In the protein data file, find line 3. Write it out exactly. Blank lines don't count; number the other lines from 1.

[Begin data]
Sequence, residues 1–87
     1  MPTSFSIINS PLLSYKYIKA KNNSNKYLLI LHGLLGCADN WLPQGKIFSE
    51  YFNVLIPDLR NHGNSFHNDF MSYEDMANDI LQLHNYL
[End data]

    51  YFNVLIPDLR NHGNSFHNDF MSYEDMANDI LQLHNYL